Tuesday 6 December 2016

Never book flights on Fridays - and eight other tips for getting cheap air fares

Travel Tips

Hugh Morris

Published 11/12/2015 | 13:15

Heathrow Express. Photo: Deposit
Heathrow Express. Photo: Deposit

If you are thinking of booking your next overseas holiday on a Friday, think again.

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Friday is the most expensive day of the week to buy a plane ticket, according to new research, with flights on average 13pc dearer than if booked on a Sunday.

Customers have previously been advised to book plane tickets on a Tuesday because they were most likely to find a bargain. Airline executives were said to come into work on a Monday, look at the weekend sales and try to offload the remaining seats on Tuesday.

But according to Greg Schulze, senior vice president of global tour and transport with Expedia, things have now changed.

Airlines Reporting Corporation, the online travel agency which processes tickets booked through travel agencies, studied hundreds of millions of tickets bought in the last 12 months around the world to see the new trends.

Mr Schulze said that there was no clear single day to find the cheapest deal for all fights. However, when flying to most areas of the world, the cheapest tickets were sold on a Saturday or Sunday.

He added that the reason Fridays are so expensive is because airlines launch price hikes then and have already run out of cheap seats.

Airlines are now posting their best deals on weekends because they know that price-conscious consumers will grab them. At the weekend there are also no business travellers looking to get last minute fares which crowds the market.

“I personally would shop at the weekend and the beginning of the week and avoid Friday,” he said.

Read more: How to blag a flight upgrade - the Holy Grail of travel hacks!

He added that the days of set airfares are few and far between and that airlines now regularly adjust flight costs up and down.

The research follows statistics from the International Air Transport Association, published last week, that showed how airfares have fallen year on year.

The American aviation data group also said that customers buying flights in Europe should plan to buy tickets 140 days in advance to get the best price, while those purchasing flights within the US should buy 57 days ahead of departure.

There have been numerous studies into when the best time to book a flight is, with thoughts ranging from as early as possible, to two weeks before, but Rick Seaney, chief executive of price comparison site Fare Compare, said booking too early can be costly.

“Airlines don’t start actively managing the price of seat on a particular flight until about three months before departure for domestic flights and five or six for international trips,” he said.

“That’s when price cutting typically begins.”

How to find the cheapest flights

1. Know who flies where

Most of your research is likely to be based around fares, but if you want a comprehensive overview of which airlines fly to and from the airports you are interested in, try flightmapping.com.

2. Head to the source

Most price-comparison sites will click you through to an airline’s site in any case, so if you start there, you will at least be sure that you are getting live, up-to-date fares.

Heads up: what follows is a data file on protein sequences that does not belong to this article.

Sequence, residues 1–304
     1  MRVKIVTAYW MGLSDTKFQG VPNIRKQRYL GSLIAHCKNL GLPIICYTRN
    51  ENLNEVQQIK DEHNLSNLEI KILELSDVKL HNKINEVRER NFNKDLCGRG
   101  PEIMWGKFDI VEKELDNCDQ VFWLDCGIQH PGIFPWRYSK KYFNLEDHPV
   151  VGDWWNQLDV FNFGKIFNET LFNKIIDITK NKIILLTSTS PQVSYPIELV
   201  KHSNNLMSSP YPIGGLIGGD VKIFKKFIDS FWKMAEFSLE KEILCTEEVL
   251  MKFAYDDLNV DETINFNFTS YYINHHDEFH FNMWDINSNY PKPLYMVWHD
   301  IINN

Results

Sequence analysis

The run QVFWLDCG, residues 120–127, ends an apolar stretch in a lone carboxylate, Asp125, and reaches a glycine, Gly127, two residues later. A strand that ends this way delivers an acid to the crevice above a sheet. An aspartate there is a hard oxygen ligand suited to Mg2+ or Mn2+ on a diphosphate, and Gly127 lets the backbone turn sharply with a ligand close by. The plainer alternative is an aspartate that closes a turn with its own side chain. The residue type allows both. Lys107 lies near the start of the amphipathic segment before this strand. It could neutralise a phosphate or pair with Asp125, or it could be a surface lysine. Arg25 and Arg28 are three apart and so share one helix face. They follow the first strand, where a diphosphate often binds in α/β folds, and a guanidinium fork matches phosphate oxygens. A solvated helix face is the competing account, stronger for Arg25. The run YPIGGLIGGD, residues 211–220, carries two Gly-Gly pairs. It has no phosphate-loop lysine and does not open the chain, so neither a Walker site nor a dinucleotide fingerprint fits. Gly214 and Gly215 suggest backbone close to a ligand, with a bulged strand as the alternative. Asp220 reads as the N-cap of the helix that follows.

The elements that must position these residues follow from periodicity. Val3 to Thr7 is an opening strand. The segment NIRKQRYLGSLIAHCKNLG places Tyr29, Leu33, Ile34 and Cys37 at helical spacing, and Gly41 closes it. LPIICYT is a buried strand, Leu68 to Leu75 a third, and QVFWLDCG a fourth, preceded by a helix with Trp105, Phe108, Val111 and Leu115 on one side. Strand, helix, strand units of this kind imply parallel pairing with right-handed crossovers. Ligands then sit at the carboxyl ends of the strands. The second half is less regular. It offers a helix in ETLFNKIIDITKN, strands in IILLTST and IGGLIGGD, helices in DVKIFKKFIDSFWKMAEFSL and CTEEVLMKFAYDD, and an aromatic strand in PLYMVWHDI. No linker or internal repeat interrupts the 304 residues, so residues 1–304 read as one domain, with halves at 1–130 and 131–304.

3. Or go compare

Price-comparison websites are, in theory, the easiest way to find the cheapest fares. But they can also be misleading.

First, most do not list fares from every airline operating the route; second, they do not normally quote exact fares. This is because they are not quite up to date, because they can’t replicate the many preferences that an individual might have – to check in baggage, for example (see below) – and because they can’t reflect all the different booking fees that might be charged for using different credit or debit cards.

As I found with my spot-check, they can also be subject to technical hitches without the user realising. Even so, they are a useful guide, as long as you bear in mind the limitations and check at least two or three as part of your research.

4. Approach the agents

Sites like Expedia take the booking themselves – you don't click through on to the airline site as you do with the price-comparison sites above.

They can be useful – you can put together packages including hotels and hire cars that are financially protected, for example. But they normally charge a booking fee for flight-only arrangements, and it isn't always clear how much extra you are paying.

5. Fly off-peak

Midweek, outside the school holidays, at unsociable hours etc, and use filters on booking and price-comparison sites that allow you to search for cheaper fares on the days before and after your ideal date.

6. Take hand luggage only

Or book with an airline, such as BA, that doesn't charge extra for hold luggage. Be sure to measure and weigh all luggage – cabin and hold – before you leave home and make sure it is under the limit for your airline. Penalty charges for breaching the limits can be swingeing.

7. Watch for hidden extras

Some sites try to tempt you into booking insurance (which you may already have) and other extras (a new cabin bag, for example). Ryanair is the most aggressive at doing this, and you need to be careful to remove from the online booking form any extras you do not want.

8. Pay by debit card

It is usually cheaper – though you won't have the automatic financial protection against airline failure that you get if you book a fare of £100 or more with a credit card.

Telegraph.co.uk

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